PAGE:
# Trig Trig Trig

Can you make sense of this combination of trig functions?

## Problem

Consider the function $f(x)=\cos(\sin(\cos(x)))$, with $x$ measured in radians.

What turning points can you find?

What are the maximum and minimum values of the function?

Did you know ... ?

This function is bounded, continuous and differentiable at all points. Mathematicians often use knowledge of conditions such as these to deduce lots of information about the properties of functions without the need for extensive calculation. In first year undergraduate analysis courses theorems are rigorously stated and proved which support intuitive statements such as 'between any two maxima a minimum must be found if the function is finite, continuous and differentiable'.

This function is bounded, continuous and differentiable at all points. Mathematicians often use knowledge of conditions such as these to deduce lots of information about the properties of functions without the need for extensive calculation. In first year undergraduate analysis courses theorems are rigorously stated and proved which support intuitive statements such as 'between any two maxima a minimum must be found if the function is finite, continuous and differentiable'.

## Student Solutions

Differentiating gives

$$f'(x) = \sin(\sin(\cos x)) \cdot \cos(\cos(x)) \cdot \sin(x)$$

This is zero if and only if

$$\sin(\sin(\cos x))=0 \mbox{ or } \cos(\cos(x)) = 0 \mbox{ or } \sin(x)=0$$

Consider the first of these three conditions:

$$\sin(\sin(\cos x))=0 \Rightarrow \sin(\cos x) = n\pi, n\in \mathbb{Z}$$

Since $|\sin(X)|\leq 1$ for any real $X$ and $\pi > 1$ we must choose $n=0$ in the previous equation.

Thus,

$$\sin(\sin(\cos x))=0 \Rightarrow \sin(\cos x) = 0 \Rightarrow \cos x = m\pi, m\in \mathbb{Z}$$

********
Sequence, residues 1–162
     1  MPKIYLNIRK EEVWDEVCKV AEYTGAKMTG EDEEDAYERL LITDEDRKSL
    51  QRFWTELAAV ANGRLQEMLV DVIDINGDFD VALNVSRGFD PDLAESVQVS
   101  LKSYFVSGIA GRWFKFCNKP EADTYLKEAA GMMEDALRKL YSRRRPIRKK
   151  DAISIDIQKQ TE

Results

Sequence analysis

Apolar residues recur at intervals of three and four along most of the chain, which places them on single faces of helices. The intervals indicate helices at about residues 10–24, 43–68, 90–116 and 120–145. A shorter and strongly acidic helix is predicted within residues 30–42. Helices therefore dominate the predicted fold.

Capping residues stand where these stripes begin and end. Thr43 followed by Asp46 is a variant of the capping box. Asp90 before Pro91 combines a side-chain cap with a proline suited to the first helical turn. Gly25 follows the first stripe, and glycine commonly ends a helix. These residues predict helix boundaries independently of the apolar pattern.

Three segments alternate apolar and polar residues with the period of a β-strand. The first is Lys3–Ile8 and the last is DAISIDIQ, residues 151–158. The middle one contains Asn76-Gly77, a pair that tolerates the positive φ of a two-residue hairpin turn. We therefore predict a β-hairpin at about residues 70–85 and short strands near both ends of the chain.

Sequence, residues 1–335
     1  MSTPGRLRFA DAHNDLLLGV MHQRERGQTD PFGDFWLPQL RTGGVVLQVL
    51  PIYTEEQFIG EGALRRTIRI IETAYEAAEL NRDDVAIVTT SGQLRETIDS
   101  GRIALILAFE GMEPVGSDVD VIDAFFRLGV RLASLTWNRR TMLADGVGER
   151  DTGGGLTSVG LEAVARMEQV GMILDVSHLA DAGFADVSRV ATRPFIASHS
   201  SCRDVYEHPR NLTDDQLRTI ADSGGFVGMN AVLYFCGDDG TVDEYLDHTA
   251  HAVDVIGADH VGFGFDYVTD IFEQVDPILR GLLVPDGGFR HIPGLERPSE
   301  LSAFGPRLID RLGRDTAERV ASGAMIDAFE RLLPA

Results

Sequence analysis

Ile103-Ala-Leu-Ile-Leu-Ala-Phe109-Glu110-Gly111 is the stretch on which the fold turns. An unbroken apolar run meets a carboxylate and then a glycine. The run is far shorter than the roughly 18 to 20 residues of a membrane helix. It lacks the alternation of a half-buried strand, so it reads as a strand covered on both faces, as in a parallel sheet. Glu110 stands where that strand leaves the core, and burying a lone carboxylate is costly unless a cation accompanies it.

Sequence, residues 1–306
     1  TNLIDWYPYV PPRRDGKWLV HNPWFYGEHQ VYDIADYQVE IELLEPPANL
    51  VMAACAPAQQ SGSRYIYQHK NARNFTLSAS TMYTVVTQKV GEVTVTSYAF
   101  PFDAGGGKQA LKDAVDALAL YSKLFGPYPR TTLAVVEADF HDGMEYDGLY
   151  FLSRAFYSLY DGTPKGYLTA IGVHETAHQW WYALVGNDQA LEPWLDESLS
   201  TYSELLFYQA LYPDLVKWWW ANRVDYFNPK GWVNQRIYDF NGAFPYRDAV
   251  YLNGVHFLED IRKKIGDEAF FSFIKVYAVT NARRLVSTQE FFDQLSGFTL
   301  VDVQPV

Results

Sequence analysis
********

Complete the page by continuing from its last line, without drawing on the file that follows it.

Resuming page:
Similarly, we must choose $m=0$ in this expression. We can thus conclude that

$$\sin(\sin(\cos x))=0 \Leftrightarrow x = \left(r+\frac{1}{2}\right)\pi, r \in \mathbb{Z}$$

Consider the second of the three conditions:

$$\cos(\cos(x)) = 0 \Leftrightarrow \cos(x) = \left(r+\frac{1}{2}\right)\pi, r \in \mathbb{Z}$$

Since $\frac{1}{2}\pi> 1$ there are no real solutions to this condition.

Consider the third of the three conditions:

$$\sin(x) =0 \Leftrightarrow x = n\pi, n \in \mathbb{Z}$$

Combining all three conditions gives us the locations of the turning points:

$$

f'(x)=0 \Leftrightarrow x = \frac{N\pi}{2}, N\in \mathbb{Z}

$$

We now need to consider whether they are maxima, minima or something else. We could look at the second derivative, but this will be complicated and the boundedness of $\sin(x)$ and $\cos(x)$ allows us to make shortcuts as follows:

Notice that $f(x) = 1$ when $x = \pm \frac{\pi}{2}, \pm \frac{3\pi}{2}, \pm \frac{5\pi}{2}, \dots$. Since $f(x)$ is continuous and differentiable and $|f(x)|\leq 1$ these points must be maxima. The even multiples of $\frac{\pi}{2}$ must therefore be minima, at which the function takes the values $f(x) = \cos(\sin 1) \approx 0.666$.

A plot of the graph confirms this calculation:

Image